The Annapolis Group is not just suing City Hall, it’s suing you and me.
In mid-January, the Bedford-based developer announced its intention to sue the city over the way it has handled negotiations to purchase the company’s land that is part of the proposed Blue Mountain Birch Cove Lakes regional park.
Even if you don’t support the park (hello Gloria McCluskey) this frivolous lawsuit amounts to intimidation on the part of a developer, upset because it’s used to getting its way (and that’s not happening) this time.
Halifax Regional Municipality is “treating businesses unfairly” and “jeopardizing future investments in the region, economic prosperity, and jobs,” Rob Gillis, vice-chair of Annapolis Group and president of Thornridge Holdings Limited (its parent company) said in a news release. “The municipality should focus on higher priorities such as jobs, tax revenue, services, and infrastructure.”
No surprise he trotted out that trite argument. If it wasn’t for developers, we’d all starve, don’t you know?
Gillis must not have been paying attention last summer when hundreds of citizens wrote to council asking them to reject his company’s bid to build in the area set aside for the park.
There are two major problems with the stance. Annapolis suggests in its threatening news release that the city has “expropriated” its land “without compensation” and has the nerve to suggest the company has been dealing in good faith.
Like the spoiled kid who demands to dictate the rules whenever he plays a game, Annapolis Group made it clear to independent facilitator Justice Heather Robertson that it wanted all its land to be considered for development, not just the land in the Urban Settlement area.
Annapolis officials said they needed their land in Urban Reserve to be included too, even though it isn’t supposed to be opened for development until 2031 according to the Municipal Planning Strategy (MPS).
Only 117 of the 390 hectares Annapolis owns is zoned Urban Settlement so they’re asking the city to amend its MPS and create more land for development even though Halifax doesn’t need it.
Furthermore, according to the report filed by Justice Robertson, Annapolis attempted to twist the screws in even further by saying it wouldn’t negotiate the boundaries of the park unless the city approved a request to initiate secondary planning on all its land.
That’s not good faith.
The second problem with the developer’s argument is that the free market, which is supposed to be what guides capitalists like the suits at Annapolis Group, is holding up a giant red flag and saying: “Don’t build!”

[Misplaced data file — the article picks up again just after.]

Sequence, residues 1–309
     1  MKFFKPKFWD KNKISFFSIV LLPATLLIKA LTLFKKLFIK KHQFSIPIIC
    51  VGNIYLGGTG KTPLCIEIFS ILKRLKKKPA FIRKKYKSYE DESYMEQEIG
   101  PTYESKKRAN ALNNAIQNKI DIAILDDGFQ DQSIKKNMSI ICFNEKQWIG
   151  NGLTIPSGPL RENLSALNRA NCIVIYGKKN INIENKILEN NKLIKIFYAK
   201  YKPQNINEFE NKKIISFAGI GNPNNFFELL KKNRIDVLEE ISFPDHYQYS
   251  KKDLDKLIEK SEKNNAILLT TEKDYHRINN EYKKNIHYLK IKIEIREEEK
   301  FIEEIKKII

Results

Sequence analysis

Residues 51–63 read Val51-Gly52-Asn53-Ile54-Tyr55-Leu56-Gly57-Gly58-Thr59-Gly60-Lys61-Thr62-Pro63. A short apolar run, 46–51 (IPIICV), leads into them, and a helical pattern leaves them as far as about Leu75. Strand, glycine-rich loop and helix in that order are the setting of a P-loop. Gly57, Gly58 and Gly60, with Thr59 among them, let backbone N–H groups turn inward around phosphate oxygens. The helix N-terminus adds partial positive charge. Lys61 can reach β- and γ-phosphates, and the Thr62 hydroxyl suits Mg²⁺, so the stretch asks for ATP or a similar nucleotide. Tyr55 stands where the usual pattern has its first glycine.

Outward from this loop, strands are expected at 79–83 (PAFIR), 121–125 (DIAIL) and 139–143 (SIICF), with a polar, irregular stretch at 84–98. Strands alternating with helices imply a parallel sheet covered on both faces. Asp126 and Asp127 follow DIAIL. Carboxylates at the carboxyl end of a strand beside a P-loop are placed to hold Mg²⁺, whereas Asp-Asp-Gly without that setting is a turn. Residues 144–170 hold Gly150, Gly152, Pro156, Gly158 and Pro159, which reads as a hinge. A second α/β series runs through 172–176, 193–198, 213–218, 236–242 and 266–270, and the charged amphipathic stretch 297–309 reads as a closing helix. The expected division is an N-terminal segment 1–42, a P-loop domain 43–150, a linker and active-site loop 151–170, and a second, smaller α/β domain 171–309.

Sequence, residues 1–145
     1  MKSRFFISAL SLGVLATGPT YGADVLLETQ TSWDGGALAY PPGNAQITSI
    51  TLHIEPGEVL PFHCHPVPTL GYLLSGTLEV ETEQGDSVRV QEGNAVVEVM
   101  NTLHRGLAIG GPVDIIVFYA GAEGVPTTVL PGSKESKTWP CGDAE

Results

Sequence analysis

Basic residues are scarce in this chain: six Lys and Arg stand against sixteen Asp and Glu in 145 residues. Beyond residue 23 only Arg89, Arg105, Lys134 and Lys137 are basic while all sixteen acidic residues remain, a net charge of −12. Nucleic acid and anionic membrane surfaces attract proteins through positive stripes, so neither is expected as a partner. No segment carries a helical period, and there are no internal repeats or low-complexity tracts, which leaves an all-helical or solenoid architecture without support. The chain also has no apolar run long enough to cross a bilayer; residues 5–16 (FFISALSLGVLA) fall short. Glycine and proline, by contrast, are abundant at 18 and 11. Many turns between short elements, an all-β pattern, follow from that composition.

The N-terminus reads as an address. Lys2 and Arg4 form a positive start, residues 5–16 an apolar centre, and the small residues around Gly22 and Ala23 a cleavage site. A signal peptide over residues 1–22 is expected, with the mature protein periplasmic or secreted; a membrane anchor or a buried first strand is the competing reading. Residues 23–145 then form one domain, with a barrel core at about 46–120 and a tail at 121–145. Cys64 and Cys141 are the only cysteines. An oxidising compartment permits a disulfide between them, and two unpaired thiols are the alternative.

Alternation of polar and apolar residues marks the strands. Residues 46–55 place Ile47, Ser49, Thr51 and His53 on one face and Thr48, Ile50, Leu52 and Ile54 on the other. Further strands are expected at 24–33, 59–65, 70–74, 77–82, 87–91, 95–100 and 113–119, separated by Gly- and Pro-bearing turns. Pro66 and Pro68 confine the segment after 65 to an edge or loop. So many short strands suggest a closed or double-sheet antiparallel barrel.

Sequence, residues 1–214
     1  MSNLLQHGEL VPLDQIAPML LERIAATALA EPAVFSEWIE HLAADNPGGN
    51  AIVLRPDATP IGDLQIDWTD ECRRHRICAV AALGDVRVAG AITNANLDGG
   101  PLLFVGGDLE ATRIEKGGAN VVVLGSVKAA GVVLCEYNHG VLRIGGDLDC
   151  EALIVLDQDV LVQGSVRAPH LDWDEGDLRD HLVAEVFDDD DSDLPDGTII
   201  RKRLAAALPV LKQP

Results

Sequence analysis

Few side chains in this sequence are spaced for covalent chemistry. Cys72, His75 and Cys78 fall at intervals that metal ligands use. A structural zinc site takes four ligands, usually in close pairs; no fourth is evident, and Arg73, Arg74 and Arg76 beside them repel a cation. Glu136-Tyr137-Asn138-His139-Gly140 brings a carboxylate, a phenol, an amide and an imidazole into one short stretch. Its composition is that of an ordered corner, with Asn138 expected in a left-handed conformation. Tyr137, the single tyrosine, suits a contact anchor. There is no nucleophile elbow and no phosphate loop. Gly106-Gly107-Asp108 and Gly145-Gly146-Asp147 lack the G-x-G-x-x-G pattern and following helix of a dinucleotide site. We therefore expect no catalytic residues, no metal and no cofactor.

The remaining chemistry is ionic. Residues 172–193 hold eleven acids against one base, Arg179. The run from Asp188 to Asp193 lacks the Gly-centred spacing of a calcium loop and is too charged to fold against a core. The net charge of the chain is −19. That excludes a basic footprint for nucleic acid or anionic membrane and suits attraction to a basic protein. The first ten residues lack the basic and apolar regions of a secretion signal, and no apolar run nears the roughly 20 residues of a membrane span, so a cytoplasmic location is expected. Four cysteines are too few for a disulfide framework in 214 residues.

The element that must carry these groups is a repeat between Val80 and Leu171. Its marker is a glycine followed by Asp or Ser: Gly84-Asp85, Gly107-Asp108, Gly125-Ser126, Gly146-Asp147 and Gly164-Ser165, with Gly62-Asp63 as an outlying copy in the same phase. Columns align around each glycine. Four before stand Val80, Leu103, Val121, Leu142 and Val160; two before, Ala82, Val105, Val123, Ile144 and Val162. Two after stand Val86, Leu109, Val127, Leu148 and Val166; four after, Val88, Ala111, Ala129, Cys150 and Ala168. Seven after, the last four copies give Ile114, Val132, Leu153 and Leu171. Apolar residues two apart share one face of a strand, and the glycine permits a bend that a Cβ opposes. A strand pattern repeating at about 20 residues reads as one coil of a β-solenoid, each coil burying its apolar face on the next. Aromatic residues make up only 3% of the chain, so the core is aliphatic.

Surveys of real-estate conditions in communities surrounding the proposed park reveal a glut of new construction. The average MLS list time for new homes in the area varied between 250 and 313. Realtor Denise MacDonell says that on Feb. 1, there were already 430 newly built single family homes available at an average price of $402,911.
“This is an indication that there is no pent-up demand in the communities surrounding the Wilderness Area,” MacDonell said in a letter to Council last summer.
So, with market conditions being as soft as they are and the city already having enough land to develop for the next 28 to 35 years, there is no need to open this natural area for development.
City Hall needn’t worry that this stance would adversely affect its long-term fiscal health because creating this park would give Halifax a drawing card that no other city in Atlantic Canada has. Why approve some overpriced lakefront condos and mansions in an already saturated market when you can create a mini-Kejimkujik within city limits that’s accessible to all citizens?
Annapolis Group is simply not paying attention to what the city and its residents are saying. It’s time to send a louder message. Anyone who supports the creation of the Blue Mountain Birch Cove Lakes Regional Park could amplify their message by contacting the management of the Annapolis Group, or their parent company Thornridge Holdings.
Lastly, to the Annapolis Group: HRM has not taken too long to approve your development wishes, they’ve taken too long to purchase your land. They’re going to buy it and make it a regional park. It’s the will of the people.